Healthcare CEO: Concentrate on being the best in the market, not the biggest

Changes in the healthcare industry have driven increased consolidation as hospitals seek to remain competitive in a rapidly changing market. Hospitals don’t get better just because they get bigger, however, cautions a leading healthcare executive.

Lou Shapiro
Louis A. Shapiro
Under the leadership of Lou Shapiro, president and CEO of the Hospital for Special Surgery in New York, the 154-year-old facility has become a mainstay at or near the top of “best of” rankings in orthopedics. The hospital is also no stranger to game-changing innovations, such as a patient engagement initiative, which snowballed into the enormous online forum Back in the Game, where patients share stories about their orthopedic and rheumatological surgeries.

Recently, Shapiro distributed a road map to HSS employees that details the hospital’s plan for intelligent improvement in an industry where mergers and acquisitions continue at an extremely high rate. In an interview with Becker’s Hospital Review,  he spoke about the keys to success for healthcare facilities in the current climate:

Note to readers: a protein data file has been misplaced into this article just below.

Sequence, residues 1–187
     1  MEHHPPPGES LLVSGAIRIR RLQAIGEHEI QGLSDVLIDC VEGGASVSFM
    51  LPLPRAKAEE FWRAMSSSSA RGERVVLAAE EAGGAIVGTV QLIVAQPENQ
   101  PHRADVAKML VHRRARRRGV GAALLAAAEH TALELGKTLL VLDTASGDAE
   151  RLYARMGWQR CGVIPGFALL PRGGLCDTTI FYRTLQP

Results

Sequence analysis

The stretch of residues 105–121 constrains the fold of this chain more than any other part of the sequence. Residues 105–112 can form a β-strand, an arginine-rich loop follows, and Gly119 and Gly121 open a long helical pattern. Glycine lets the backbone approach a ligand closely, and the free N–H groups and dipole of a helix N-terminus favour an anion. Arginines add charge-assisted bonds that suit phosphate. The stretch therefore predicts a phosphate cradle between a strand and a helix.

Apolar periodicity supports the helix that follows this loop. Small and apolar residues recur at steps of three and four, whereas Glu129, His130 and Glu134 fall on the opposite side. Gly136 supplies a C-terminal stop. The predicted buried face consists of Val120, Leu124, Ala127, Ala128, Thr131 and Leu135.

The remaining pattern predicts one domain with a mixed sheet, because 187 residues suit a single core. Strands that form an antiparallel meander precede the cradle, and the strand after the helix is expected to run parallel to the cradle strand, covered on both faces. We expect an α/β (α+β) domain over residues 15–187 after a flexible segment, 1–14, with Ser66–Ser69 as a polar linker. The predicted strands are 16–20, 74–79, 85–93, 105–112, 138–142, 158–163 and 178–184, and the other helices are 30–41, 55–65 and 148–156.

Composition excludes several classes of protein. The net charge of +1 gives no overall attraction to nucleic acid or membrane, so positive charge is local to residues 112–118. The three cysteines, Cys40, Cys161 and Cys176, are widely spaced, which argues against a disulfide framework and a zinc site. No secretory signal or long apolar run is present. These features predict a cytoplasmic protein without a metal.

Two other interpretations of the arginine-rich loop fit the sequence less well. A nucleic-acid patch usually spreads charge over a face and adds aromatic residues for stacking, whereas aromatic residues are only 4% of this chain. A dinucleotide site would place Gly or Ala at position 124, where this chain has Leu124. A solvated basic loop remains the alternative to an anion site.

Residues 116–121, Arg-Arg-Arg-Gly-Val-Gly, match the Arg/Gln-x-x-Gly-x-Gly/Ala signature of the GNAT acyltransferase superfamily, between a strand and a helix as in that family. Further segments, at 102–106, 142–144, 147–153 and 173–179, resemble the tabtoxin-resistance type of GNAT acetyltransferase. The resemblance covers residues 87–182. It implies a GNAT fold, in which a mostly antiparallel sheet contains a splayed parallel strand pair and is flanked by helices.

• Better doesn’t necessarily mean bigger, With the shift in focus from volume to value, Shapiro cautions against the urge to grow as an alternative to improving outcomes and providing quality care. “There’s a lot of organizations that aren’t the best at what they do, or aren’t better than a lot of others in the marketplace, so they’re investing in being bigger as a way of trying to have influence in the marketplace or get economies of scale so they can make investments,” he told the publication.
  • Get everybody in the organization to buy in. Shapiro said he distributed his roadmap throughout the organization because he wants all employees to understand the organization’s plan and feel ownership for it.
  • Connect with patients wherever and however you can. HSS has expanded into additional regional markets organically, according to Shapiro. He said the overriding goal has been “delivering HSS caliber care closer to where people live and work.” He said the same principle underlies innovative programs designed to disseminate institutional knowledge more broadly throughout regional and global markets.